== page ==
The beginning of the year is a great time to assess where you are financially and see about ways to improve your financial situation.
Doesn’t everyone want to know the answer to this question: How am I doing financially? In my workshops, everyone wants to get a sense of where they stand financially. Are they in a good position? Are they failing miserably? How can they improve? Many people are wanting to know things like:
- Are you saving enough?
- Do you have too much debt?
- Will you be able to retire?
- Do you have enough life insurance?
Comparing yourself to others
One of the ways to judge how you are doing is to look at how you are doing compared to other Canadians.
Statistically, we call this relative benchmarking. I ran across the Royal Bank website that shares how your current financial state compares with others in Canada. You can visit the site but I have summarized some of the key data points for you:
Couples starting out
Family with kids under 12
Family with kids 12 to 18
Family with kids over 18
The data is broken down into 6 categories. Three of the categories benchmark against others with no kids. The other three categories benchmark against those that have kids.
The flaw of relative benchmarking
For example, the singles could include 20 year olds just starting out as well at 50 year old singles that are more financially established. Although the average income may be $39,196 the range of income of those in the category can range dramatically.
Another example closer to home is the Family with kids under 12. I have 4 boys under 12. My situation might be really different that another family with one child under 2. I know my food bill would prevent me from living off at $77,000 family income.
As much as I enjoyed the quiz and the results on this site, I will always preach the importance of personal benchmarking. It doesn’t matter what anyone else’s finances look like. It’s what your finances look like and what you choose to do about it. Answering the question “How am I doing financially?” is really personal.
I’ve seen people who make $200,000 per year of income but they spend all of it and more and thus are swimming in debt and payments. I’ve also met people who live within their means on $50,000 per year. Who cares if the average income is $77,000 or $100,000 per year. What matters most is your ability to work with your income and finances and work to improve it each and every year.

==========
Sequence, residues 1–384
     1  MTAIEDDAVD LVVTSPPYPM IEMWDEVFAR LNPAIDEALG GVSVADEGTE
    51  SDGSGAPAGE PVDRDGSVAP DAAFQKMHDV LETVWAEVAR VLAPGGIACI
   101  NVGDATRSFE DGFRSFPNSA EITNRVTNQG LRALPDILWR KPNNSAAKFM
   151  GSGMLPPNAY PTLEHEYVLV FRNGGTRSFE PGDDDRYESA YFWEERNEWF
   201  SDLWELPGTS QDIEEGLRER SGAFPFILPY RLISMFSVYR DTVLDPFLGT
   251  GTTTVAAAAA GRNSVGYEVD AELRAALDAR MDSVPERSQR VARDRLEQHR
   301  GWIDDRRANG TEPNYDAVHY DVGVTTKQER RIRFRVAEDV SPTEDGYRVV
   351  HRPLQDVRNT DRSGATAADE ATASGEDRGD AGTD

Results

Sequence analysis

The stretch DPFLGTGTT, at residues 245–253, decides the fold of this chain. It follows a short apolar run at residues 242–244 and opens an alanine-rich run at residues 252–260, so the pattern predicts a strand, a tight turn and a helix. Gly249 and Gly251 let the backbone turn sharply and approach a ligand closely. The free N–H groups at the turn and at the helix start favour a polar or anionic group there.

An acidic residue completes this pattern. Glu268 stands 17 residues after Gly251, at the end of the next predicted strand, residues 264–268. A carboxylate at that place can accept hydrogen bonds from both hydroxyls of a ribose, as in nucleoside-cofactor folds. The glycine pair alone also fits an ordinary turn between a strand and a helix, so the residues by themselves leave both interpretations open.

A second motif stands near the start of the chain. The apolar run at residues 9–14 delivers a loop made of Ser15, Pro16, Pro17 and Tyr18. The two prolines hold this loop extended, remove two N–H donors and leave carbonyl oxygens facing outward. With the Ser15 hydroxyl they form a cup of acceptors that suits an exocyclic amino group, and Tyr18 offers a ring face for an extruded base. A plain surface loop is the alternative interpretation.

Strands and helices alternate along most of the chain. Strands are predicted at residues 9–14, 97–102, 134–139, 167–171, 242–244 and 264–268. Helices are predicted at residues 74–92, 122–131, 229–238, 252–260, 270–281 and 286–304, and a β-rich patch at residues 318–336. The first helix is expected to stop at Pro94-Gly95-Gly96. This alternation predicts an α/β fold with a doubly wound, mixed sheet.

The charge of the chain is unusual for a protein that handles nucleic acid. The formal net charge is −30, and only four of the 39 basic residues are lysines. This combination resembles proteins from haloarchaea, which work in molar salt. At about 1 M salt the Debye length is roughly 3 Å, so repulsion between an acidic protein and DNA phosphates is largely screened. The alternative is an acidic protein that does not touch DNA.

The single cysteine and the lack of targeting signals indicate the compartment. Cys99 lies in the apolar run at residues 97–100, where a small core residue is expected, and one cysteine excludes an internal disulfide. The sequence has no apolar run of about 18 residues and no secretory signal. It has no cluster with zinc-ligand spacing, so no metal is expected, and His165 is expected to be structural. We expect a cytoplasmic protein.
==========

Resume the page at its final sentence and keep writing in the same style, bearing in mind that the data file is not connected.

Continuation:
The best form of benchmarking is comparing your situation at two different points in time. For example, how does your financial situation look today compared to a year ago or a year from now.
How am I doing financially?
So, if you really want to know how you are doing financially, you need to do a personal financial check up. Start with a current assessment. If you think about it, it’s no different that wanting to lose weight or improve your financial health. If you want to lose weight the first piece of data you need is your current weight. How would you know if you are going in the right direction if you do not have a starting weight?
When it comes to personal finance, I believe the first thing you must know is your net worth. Your net worth is simply your assets minus your liabilities. Once you know your net worth, you goal in the future should be to improve your net worth each and every year. If the formula for your net worth is assets minus liabilities, then there are only 2 ways to increase your net worth: increase assets or decrease liabilities.
Related article: Calculating your net worth
The second thing you need to know is your income and your expenses. Some call this an income statement or a cashflow statement.
Related article: Budgeting, Spending and Cashflow
The net worth statement and the Cashflow statement form the foundation of a financial check-up. If you want to get more detailed, you may want to look at some other aspects of personal finance like:
To help you with a financial check up, you can download my ANNUAL FINANCIAL CHECK UP GUIDE (1049) right here.
If you like the guide, pass it on . . . it’s free to all!